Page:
A common issue
When Fish and Game put together its plan for “Living with Wildlife in Anchorage” in 1999, it reported it was then receiving approximately “1,000 calls per year about nuisance or aggressive moose in Anchorage. More than 100 people are charged each year by moose. Many of these are ‘bluff’ charges that do not result in any physical contact between the moose and person.
“However, all of these are potentially serious, and five to 10 are estimated to result in human injuries each year. Since 1993, two people have been killed by moose. In addition, it is estimated that as many as 50 to 100 dogs are injured by moose each year, including those along trails designated for sled-dog racing. On average, about 10 aggressive moose are killed by wildlife authorities each year.”
The numbers have only gone up since then as the city’s population has gone from 260,000 to about 286,000 with no significant decline in the number of moose.
State officials in ’99 estimated there were 200 to 300 moose resident in the Anchorage Bowl year-round and calculated that the population could swell to 700 to 1,000 in years when deep snows drove moose down out of the surrounding Chugach Mountains.
A pilot study that used reports from citizens and DNA analysis of skin samples from moose last year estimated a population of 350 of the 300-pound to 1,400-pound animals resident in the city in the early winter.
How many rural moose move into the city to join the urban moose each winter is highly dependent on mountain snowfalls. Last year was a relatively mild winter with moose regularly seen at 1,500 feet and higher in the mountains above the city.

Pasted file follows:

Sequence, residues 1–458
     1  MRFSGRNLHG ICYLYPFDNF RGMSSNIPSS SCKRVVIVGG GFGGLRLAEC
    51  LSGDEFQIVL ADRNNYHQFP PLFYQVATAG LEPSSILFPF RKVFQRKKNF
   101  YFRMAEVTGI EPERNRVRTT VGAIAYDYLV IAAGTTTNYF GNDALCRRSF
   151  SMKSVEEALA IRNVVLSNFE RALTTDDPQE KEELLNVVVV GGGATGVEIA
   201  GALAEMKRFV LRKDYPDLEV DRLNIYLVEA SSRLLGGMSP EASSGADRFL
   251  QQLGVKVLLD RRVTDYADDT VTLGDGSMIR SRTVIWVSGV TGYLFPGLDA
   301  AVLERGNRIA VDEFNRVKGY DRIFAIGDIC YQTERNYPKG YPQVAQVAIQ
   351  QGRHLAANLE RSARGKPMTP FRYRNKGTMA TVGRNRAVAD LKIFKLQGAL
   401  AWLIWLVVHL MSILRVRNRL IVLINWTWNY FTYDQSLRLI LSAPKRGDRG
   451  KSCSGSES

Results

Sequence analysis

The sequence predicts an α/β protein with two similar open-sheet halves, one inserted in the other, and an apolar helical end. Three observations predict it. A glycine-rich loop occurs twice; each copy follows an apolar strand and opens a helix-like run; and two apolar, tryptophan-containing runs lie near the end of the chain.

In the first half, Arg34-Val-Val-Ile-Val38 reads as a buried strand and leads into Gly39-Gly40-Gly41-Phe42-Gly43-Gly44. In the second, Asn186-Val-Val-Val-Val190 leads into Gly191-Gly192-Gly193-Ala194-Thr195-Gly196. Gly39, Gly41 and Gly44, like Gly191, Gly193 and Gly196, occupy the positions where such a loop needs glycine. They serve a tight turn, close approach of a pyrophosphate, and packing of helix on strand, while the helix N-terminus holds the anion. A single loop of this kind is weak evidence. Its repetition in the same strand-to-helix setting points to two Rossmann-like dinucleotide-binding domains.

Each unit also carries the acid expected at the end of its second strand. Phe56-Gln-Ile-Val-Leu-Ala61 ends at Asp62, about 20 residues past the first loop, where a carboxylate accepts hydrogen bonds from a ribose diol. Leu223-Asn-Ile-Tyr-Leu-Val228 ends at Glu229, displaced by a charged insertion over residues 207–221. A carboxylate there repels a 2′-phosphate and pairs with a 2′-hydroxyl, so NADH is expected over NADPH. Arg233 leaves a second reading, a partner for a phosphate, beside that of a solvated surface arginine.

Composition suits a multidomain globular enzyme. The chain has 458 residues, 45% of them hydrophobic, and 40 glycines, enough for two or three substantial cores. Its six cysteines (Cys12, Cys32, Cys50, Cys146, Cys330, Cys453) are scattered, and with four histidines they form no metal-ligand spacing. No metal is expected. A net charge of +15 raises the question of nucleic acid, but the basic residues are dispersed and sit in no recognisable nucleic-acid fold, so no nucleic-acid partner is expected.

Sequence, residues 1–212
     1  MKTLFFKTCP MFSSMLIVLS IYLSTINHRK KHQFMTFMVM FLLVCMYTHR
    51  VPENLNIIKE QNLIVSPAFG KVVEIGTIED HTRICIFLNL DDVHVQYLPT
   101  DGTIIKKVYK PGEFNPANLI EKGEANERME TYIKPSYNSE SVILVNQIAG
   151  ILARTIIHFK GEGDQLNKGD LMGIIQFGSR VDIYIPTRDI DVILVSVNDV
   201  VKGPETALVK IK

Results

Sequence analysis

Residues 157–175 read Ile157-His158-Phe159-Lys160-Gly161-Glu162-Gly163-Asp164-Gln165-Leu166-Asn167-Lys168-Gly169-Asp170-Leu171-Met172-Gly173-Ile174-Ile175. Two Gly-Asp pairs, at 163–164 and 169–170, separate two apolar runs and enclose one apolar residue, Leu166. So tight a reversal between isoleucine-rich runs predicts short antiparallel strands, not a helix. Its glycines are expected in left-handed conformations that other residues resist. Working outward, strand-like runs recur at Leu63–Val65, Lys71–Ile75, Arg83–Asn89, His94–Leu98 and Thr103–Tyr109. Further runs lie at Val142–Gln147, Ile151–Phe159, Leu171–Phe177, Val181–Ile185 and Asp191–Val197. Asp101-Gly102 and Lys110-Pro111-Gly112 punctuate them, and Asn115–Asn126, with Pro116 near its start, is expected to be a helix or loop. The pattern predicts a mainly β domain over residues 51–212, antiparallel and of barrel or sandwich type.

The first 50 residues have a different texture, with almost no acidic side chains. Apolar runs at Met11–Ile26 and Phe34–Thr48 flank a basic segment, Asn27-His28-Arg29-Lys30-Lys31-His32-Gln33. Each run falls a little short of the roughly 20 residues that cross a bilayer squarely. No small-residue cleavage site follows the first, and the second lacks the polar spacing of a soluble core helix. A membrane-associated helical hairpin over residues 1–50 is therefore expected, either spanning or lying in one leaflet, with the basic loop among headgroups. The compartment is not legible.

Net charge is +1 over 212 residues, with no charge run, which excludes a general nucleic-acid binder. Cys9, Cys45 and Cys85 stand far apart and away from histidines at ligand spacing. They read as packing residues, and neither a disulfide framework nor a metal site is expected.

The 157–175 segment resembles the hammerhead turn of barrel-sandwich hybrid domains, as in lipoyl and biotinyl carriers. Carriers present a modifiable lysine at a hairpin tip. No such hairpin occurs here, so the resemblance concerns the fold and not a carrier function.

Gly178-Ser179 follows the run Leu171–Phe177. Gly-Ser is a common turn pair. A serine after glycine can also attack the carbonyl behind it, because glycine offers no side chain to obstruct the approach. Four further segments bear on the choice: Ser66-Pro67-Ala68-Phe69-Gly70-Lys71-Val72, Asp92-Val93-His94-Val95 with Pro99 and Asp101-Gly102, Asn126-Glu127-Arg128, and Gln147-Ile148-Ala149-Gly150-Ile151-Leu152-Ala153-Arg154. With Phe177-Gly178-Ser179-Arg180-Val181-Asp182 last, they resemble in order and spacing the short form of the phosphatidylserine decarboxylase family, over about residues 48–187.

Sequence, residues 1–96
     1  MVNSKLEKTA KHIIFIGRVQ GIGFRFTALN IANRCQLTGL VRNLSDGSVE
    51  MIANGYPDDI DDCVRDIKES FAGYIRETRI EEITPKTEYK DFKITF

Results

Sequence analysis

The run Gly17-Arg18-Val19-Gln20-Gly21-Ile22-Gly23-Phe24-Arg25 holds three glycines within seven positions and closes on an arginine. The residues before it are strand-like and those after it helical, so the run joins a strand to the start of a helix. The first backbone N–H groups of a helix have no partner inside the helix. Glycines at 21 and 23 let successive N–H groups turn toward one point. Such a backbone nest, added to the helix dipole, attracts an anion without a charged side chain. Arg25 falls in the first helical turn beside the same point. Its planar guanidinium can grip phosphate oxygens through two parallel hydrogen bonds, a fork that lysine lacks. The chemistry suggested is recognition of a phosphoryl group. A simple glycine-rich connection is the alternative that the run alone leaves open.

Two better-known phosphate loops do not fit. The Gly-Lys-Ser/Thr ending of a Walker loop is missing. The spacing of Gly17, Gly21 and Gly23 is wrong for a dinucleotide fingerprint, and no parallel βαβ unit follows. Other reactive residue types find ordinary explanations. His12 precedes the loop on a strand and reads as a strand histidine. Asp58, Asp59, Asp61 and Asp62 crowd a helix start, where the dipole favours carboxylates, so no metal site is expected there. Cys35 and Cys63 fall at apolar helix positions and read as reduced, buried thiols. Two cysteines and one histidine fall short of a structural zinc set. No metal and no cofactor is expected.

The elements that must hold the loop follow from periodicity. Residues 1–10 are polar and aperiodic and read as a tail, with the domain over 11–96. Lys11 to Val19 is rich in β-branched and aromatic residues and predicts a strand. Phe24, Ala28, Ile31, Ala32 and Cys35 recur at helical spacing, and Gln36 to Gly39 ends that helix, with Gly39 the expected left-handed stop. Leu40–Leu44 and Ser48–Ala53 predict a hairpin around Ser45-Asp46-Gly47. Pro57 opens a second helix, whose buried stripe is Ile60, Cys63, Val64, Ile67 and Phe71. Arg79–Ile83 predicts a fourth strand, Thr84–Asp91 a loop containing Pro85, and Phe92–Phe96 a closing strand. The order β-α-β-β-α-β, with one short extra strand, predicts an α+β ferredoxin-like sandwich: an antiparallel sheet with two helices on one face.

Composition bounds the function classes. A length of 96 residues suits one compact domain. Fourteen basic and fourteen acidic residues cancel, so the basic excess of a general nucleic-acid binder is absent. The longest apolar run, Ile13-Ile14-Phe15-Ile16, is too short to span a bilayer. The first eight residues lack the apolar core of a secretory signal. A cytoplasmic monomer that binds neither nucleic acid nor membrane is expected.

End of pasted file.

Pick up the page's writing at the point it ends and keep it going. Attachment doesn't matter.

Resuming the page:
But the moose aren’t just in the mountains. The animals can be encountered just about anywhere in Anchorage, including downtown, at any hours, and people have been injured just about everywhere.
One of the fatalities took place on the campus of the University of Alaska Anchorage. Another involved a woman stomped to death in her yard in a Turnagain neighborhood.
Hikers, runners, skiers, cyclists, tourists, birdwatchers, dog walkers and more have been among the injured, and people on foot or bicycles are not even those at the greatest danger of being killed or injured by a moose.
Collisions between motor vehicles and moose resulted in about one death per from 1977 to 2006, according to the Alaska Highway Safety Office, and the death rate would appear to have gone up slightly since then as traffic has increased on Alaska roads.
Many of the accidents are attributable to people driving too fast on slick roads, overdriving their headlights at night or in bad weather, or simply failing to pay attention to the road – the problem now described as “distracted driving.”
There appears to be no record of anyone intentionally running into a moose before the Ramirez report, but a fair number of Alaskans have reported putting their vehicles between people and moose or people and bears to protect the people.